I flew back to Indiana last night, and boy, are my arms tired!

I had a busy weekend–had a Chinese foot massage, got kicked out of a psychic parlor because my “energy” was spoiling my friend’s reading, went thrift shopping, snuck my friend’s 18-year-old brother into a lesbian bar in DUMBO, visited MOMA and saw the Seurat exhibit, helped cat-sit a ridiculously flat-faced Persian cat named Sasha, had delicious brunch with some friends at an Israeli restaurant named Miriam in Cobble Hill, caught the first snowfall of the year in New York (so insanely cold! I need a new coat) so the only other yarn shopping I managed to sneak in was at Purl, right before meeting my cousin for shopping and hot cider.

I love love love Purl Soho’s online store and the Purl Bee, so it came as a bit of a surprise when I was thoroughly underwhelmed with the actual, in-person shopping experience. The stores were cute, nay, beautiful, but in the way that makes them nice to photograph for a Martha Stewart Living photo spread rather than nice to shop in as an experienced knitter. The spaces were incredibly tiny and cramped (I almost stepped on a tiny Chihuahua someone had brought in with her) and the yarns were shoved into the shelves so that you could only see the very end of the skein.

Admittedly, this makes the store very beautiful, but it’s also really annoying. If you see a skein you like, you have to pull it out to look at the label and price, and then shove it back in, and I felt like I was mangling the yarn every time I did that. I would also sometimes want to know if I was looking at the same yarn or a different one and would have to continually pull out and push back new skeins, because it wasn’t always obvious which ones were the same or where the boundaries between yarns fell.

The selection was gorgeous–so many colors of the Fibre Company Terra!–but pretty limited, with the pricing set the way you’d expect it to be for a bijou boutique in Soho (Kelp Knits called this “the Purl tax”) and between all these factors, I ended up feeling like I’d rather just go shopping online, especially considering Purl’s 40% off yarns are only available on their website.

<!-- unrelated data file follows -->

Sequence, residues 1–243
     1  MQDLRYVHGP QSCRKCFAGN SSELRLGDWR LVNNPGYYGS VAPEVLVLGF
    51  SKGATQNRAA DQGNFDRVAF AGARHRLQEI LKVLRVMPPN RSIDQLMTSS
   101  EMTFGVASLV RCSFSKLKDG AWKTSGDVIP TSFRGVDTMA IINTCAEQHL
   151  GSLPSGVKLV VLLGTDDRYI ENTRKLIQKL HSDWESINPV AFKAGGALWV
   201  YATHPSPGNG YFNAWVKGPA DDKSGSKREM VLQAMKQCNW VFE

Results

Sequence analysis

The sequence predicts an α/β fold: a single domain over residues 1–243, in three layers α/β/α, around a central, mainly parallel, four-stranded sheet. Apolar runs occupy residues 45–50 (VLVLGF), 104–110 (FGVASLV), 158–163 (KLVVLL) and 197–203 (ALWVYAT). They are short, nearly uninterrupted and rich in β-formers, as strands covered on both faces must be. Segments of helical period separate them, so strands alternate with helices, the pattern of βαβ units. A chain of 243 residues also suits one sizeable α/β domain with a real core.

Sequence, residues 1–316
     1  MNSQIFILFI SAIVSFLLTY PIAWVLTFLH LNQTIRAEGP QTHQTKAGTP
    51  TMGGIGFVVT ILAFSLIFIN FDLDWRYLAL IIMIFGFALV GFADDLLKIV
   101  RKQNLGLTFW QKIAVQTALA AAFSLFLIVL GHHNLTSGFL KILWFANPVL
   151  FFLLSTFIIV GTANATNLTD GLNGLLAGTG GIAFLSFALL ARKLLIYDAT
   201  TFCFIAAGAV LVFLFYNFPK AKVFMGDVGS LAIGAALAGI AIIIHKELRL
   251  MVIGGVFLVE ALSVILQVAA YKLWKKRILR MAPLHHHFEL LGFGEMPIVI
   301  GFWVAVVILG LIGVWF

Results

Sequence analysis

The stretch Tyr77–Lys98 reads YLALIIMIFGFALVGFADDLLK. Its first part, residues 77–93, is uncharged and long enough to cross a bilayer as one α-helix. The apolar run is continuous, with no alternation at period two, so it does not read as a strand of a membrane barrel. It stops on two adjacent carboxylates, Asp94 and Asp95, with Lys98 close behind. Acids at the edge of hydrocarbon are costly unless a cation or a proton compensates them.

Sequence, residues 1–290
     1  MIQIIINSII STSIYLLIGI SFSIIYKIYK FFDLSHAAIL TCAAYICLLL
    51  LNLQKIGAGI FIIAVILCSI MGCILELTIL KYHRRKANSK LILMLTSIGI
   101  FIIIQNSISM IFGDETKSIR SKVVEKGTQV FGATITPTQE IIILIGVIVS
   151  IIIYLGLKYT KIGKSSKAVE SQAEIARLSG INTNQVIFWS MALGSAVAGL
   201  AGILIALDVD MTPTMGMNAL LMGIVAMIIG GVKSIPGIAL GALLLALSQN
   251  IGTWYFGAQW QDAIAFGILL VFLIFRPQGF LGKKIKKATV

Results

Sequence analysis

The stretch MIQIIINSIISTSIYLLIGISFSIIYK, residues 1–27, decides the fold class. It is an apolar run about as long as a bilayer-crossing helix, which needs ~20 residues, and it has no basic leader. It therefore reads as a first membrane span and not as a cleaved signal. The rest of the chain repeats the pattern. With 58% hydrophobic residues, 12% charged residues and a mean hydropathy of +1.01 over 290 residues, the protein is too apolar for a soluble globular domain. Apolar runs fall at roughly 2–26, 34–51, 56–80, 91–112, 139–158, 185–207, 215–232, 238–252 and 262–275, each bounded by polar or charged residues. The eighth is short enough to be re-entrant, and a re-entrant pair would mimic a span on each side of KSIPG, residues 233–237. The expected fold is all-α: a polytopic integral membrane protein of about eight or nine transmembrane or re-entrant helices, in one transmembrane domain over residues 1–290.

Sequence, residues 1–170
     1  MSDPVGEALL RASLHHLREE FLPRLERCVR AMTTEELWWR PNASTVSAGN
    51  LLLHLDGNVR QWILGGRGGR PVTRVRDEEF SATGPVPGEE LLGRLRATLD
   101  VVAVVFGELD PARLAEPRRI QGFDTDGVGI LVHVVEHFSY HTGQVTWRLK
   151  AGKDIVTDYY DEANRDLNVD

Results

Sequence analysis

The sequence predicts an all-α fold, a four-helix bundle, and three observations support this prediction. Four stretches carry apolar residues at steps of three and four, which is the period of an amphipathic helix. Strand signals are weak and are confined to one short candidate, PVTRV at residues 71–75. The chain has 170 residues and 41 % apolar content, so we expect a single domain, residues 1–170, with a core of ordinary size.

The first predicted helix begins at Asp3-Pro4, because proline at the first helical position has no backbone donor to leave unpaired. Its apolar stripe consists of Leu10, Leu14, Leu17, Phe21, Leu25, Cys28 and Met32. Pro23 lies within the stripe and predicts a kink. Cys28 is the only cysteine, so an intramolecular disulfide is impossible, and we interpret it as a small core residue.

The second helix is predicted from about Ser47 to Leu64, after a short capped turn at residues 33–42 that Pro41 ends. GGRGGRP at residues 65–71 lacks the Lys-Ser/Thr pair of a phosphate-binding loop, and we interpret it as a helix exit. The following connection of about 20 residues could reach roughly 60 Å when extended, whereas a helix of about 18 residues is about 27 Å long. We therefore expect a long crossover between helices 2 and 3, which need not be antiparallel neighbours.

It was nice to see the gorgeous shop projects in person. I’ve made the Child’s Rainbow Scarf from Last Minute Knitted Gifts about 5 times, and I wanted to make it yet again after seeing their version in Alchemy Migration.

Because I’m not a particularly experienced or knowledgeable seamstress, on the other hand, I decided to buy some fabric at Purl Patchwork for aprons and bags.

1/2 yard of Kokka Trefle, a heavyish cotton-linen blend printed with chickens:

1 yard of Anna Griffin Blythe printed with a botanical pattern:

and some Amy Butler fat quarters in acid yellow and teal.

In case my own sewing doesn’t work out so well, I also invested in an absolutely adorable patchwork tote bag made by Along the Grain, being sold at a temporary holiday crafts store called La Superette, set up for this year in a storefront near Times Square. It has a zippered pocket inside, and little round appliques all over the front like bubbles. Floating in some of the bubbles are chickens and bunnies. How could I resist, especially when it’s such a cheerful color? (Mine looks exactly like the one I linked on Etsy)